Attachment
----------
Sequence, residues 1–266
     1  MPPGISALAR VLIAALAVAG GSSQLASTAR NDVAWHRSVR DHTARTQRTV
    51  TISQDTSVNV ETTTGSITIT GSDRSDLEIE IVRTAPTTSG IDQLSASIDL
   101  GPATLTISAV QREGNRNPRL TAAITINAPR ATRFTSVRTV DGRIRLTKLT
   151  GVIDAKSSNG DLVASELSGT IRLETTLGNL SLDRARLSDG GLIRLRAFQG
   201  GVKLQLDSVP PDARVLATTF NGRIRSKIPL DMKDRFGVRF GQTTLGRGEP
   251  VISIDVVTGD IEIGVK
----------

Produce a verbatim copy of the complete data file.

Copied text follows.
Sequence, residues 1–266
     1  MPPGISALAR VLIAALAVAG GSSQLASTAR NDVAWHRSVR DHTARTQRTV
    51  TISQDTSVNV ETTTGSITIT GSDRSDLEIE IVRTAPTTSG IDQLSASIDL
   101  GPATLTISAV QREGNRNPRL TAAITINAPR ATRFTSVRTV DGRIRLTKLT
   151  GVIDAKSSNG DLVASELSGT IRLETTLGNL SLDRARLSDG GLIRLRAFQG
   201  GVKLQLDSVP PDARVLATTF NGRIRSKIPL DMKDRFGVRF GQTTLGRGEP
   251  VISIDVVTGD IEIGVK